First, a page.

This paper studies the contemporaneous relationship between S&P 500 index returns and log-increments of the market volatility index (VIX) via a nonparametric copula method. Specifically, we propose a conditional dependence index to investigate how the dependence between the two series varies across different segments of the market return distribution. We find that: (a) the two series exhibit strong, negative, extreme tail dependence; (b) the negative dependence is stronger in extreme bearish markets than in extreme bullish markets; (c) the dependence gradually weakens as the market return moves toward the center of its distribution, or in quiet markets. The unique dependence structure supports the VIX as a barometer of markets’ mood in general. Moreover, applying the proposed method to the S&P 500 returns and the implied variance (VIX2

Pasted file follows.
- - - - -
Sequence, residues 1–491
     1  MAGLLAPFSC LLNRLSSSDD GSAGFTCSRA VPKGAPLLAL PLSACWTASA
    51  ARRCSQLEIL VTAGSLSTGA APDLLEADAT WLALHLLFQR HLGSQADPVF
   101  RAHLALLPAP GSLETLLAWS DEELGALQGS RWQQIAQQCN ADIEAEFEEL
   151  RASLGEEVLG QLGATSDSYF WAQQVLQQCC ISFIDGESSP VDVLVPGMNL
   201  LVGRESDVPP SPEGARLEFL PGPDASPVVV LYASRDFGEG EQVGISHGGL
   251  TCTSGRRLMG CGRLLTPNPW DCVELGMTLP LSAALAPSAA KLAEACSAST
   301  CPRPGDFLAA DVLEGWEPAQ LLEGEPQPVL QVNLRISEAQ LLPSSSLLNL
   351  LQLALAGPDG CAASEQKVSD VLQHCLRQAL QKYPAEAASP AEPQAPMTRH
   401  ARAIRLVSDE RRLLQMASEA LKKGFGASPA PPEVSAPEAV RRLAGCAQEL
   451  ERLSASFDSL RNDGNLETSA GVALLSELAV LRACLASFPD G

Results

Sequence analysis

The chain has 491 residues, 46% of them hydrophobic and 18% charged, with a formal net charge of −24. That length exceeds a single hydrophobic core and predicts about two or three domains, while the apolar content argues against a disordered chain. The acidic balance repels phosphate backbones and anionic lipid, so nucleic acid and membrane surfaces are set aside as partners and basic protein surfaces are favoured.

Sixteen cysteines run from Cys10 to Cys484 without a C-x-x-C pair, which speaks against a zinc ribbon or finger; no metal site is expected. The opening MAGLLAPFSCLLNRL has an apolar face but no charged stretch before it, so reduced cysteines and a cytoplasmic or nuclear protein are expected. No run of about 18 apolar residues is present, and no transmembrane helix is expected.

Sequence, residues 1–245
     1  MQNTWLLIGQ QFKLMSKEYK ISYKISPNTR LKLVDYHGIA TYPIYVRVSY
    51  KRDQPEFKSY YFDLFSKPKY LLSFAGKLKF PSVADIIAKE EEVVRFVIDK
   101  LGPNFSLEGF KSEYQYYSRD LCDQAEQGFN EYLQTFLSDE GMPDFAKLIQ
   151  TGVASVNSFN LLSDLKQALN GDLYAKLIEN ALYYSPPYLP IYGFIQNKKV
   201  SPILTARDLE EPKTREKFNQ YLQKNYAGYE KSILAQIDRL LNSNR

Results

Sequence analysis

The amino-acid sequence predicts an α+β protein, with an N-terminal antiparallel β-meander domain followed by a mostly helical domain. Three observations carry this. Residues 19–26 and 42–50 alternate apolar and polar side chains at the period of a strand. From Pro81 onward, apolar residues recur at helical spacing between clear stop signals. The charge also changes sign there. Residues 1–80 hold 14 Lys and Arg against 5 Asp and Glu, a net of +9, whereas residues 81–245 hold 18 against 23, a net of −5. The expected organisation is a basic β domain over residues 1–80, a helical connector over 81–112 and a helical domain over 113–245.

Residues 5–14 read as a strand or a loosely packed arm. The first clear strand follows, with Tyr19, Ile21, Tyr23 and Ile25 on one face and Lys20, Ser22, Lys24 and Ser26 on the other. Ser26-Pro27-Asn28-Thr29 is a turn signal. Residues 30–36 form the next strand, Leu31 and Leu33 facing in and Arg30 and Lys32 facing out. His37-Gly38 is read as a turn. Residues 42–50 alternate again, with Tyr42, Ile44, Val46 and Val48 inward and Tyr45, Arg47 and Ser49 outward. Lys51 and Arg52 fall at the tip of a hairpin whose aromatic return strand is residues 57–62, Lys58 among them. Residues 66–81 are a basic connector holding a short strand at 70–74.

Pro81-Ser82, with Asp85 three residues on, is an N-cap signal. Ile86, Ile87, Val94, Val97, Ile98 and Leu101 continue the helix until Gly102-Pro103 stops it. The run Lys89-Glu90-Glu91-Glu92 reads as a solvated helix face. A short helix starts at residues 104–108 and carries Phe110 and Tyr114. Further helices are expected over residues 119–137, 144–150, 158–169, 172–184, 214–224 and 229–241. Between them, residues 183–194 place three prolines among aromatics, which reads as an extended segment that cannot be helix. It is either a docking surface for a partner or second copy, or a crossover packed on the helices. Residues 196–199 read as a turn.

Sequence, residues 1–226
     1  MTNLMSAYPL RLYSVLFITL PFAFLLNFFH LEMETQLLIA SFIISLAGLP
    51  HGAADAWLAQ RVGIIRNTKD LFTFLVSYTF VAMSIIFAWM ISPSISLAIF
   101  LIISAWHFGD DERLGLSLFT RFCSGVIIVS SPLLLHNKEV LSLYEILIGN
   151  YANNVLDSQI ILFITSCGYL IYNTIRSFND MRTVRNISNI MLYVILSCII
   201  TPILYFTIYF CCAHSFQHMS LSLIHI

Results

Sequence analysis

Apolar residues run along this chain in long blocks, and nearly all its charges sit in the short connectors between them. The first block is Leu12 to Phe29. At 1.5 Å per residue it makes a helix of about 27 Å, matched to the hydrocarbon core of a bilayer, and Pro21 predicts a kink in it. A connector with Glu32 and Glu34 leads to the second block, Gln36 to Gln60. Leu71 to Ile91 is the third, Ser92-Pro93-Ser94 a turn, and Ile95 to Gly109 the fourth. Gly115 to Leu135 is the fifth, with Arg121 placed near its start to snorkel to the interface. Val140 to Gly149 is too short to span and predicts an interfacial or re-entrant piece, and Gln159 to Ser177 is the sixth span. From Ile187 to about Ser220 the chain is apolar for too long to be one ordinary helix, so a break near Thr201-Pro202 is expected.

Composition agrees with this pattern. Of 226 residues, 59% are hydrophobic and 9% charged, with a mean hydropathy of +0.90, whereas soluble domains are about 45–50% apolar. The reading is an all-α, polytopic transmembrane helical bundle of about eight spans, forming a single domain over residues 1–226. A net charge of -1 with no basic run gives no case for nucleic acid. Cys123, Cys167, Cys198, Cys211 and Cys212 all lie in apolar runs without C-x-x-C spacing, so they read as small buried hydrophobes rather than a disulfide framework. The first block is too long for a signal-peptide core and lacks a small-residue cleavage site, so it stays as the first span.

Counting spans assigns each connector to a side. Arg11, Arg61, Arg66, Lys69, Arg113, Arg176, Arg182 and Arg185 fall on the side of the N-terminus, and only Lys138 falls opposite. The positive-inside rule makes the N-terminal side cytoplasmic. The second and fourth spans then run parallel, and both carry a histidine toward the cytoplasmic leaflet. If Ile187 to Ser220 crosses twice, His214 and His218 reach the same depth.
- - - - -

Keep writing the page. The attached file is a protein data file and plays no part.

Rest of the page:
), we find that the nonparametric leverage effect is much stronger than the nonparametric volatility feedback effect, although, in general, both effects are weaker than the dependence relation between the market returns and the log-increments of the VIX.
This is an open access article distributed under the Creative Commons Attribution License
which permits unrestricted use, distribution, and reproduction in any medium, provided the original work is properly cited